Son, daughter-in-law held in slaying of former BYU professor

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SALT LAKE CITY -- More than eight months after the crime, two people are behind bars accused in the grisly murder of a BYU professor; one is the victim's son, the other his daughter-in-law.

Roger and Pamela Mortensen were previously named persons of interest in the murder of 70-year-old Kay Mortensen last November.

A state grand jury met in American Fork Wednesday and Thursday and indicted the couple on charges of murder and obstruction of justice in Mortensen's death.

Utah County Attorney Jeff Buhman says, "We have spent numerous hours investigating many leads, interviewing many people, and we got to a point where we felt there was sufficient evidence to bring to the grand jury, and the grand jury agreed."

After an arrest warrant was issued by a grand jury, a judge ordered the arrest of the couple. The two were picked up by police in Payson Thursday night. Roger, 48, was arrested at a city park in Payson Canyon while in possession of marijuana. Pamela, 34, was arrested at the couple's home where police found two plastic containers lined with marijuana residue.

Ryan and Angela Sabey live near Roger and Pamela Moretensen. When they watched their block fill up with police cars, they knew exactly what was going on.

"We were kind of expecting it," Angela Sabey said. "We were just waiting for it to happen, basically."

Roger and Pamela Mortensen had been suspected in Roger's father's grizzly murder for months. Neighbors say the couple have been acting strangely since Kay's murder.

At a press conference Friday, Utah County sheriff's investigators said the couple gave conflicting statements throughout the entire investigation.

"There were inconsistencies from the beginning, from the time the first officer arrived and listened to the story or the claim of Roger and Pam," said Jim Tracy with the Utah County Sheriff's Office. "It began immediately that there were inconsistencies from the their statements and the physical evidence."

Officials also said everyone in the Mortensen family has been extremely cooperative, with the exception of Roger and Pamela.

Investigators did not discuss evidence, motive or what information led to the arrests. They did say there may be more people involved, but did not name any additional persons of interest.

Both Roger and Pamela were booked into the Utah County Jail Thursday night, where they are being held on $500,000 bail.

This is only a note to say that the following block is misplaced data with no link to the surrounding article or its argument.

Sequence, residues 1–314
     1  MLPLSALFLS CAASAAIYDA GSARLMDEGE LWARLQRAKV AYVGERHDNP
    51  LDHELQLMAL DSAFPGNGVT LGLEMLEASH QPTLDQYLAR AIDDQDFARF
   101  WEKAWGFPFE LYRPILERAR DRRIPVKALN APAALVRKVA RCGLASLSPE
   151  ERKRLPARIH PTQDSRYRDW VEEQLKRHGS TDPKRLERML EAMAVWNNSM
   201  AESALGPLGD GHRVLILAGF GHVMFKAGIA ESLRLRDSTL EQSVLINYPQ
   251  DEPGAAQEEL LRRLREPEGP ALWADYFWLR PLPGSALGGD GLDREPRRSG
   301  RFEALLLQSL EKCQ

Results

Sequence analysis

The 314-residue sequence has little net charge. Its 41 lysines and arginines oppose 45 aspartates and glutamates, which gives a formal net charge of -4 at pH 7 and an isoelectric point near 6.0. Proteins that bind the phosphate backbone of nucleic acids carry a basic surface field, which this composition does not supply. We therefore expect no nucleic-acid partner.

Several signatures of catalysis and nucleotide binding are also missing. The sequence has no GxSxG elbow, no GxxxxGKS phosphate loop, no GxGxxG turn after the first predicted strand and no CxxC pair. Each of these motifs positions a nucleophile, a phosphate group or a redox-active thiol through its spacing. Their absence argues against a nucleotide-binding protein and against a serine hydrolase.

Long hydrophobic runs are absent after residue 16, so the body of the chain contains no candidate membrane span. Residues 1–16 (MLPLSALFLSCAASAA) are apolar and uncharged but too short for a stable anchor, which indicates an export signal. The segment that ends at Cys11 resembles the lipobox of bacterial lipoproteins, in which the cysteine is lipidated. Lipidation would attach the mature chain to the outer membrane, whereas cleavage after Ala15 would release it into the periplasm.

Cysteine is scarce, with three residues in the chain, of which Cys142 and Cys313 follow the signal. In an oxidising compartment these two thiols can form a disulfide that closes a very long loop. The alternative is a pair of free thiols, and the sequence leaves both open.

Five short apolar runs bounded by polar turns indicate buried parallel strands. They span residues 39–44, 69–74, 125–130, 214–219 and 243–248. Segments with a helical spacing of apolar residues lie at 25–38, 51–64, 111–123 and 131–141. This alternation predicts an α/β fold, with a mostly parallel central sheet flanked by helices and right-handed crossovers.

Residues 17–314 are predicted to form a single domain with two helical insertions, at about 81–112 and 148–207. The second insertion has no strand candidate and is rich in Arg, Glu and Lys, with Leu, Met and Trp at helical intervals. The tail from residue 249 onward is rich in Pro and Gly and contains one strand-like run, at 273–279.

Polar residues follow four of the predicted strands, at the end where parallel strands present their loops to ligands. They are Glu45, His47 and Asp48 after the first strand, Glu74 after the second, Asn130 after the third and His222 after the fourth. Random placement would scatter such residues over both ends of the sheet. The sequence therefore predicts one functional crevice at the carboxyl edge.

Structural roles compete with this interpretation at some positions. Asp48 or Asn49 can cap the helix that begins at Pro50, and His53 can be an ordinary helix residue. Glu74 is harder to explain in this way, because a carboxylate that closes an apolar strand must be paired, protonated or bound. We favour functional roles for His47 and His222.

A probable cause statement describing the couple's arrest reveals investigators found a compartment in a storage room next to the garage during a search of the home. A wooden panel was removed, exposing six firearms including an AK-47 and a 12-gauge shotgun.

There were also several thousand rounds of ammunition in and around the hidden compartment. Additionally, investigators found a .22-caliber revolver in a safe located in the garage.

Sheriff's officials say the majority of the guns found at the couple's home were Kay Mortensen's, but it is unknown if any of them were among the 32 firearms taken from Mortensen's home on the night of his murder.

Buhman won't specify a motive for the murder but says the guns may have been part of it.

Roger and Pamela were at the house at the time of the murder, but maintained they were held hostage by men with guns during the ordeal.

KSL spoke to Roger and Pamela's attorney, Greg Skordas, Friday morning about their arrest and the murder charges against them. He says he's surprised by the grand jury's indictment and says it's rare for the state to convene a grand jury for a case like this.

Skordas says it happens often with federal cases, but not state cases. He's not sure why this tactic was taken and maintains his clients are innocent.

"We were very surprised. We knew the investigation was continuing and we also knew Roger and Pam were at least suspects in the investigation, but for the state to take this to a grand jury is really unusual," Skordas said. "To come out and just arrest them at night like that on a $500,000 cash-only bail was surprising, but we'll just have to deal with it from here."

Initial court appearances for both Mortensens are scheduled for Monday, when it's expected they will enter a not-guilty plea.

Because of the grand jury being used, there will not be a preliminary hearing for this case. It should go straight to trial.


Story compiled with information from Shara Park, Alex Cabrero, Marc Giauque and Jennifer Stagg.

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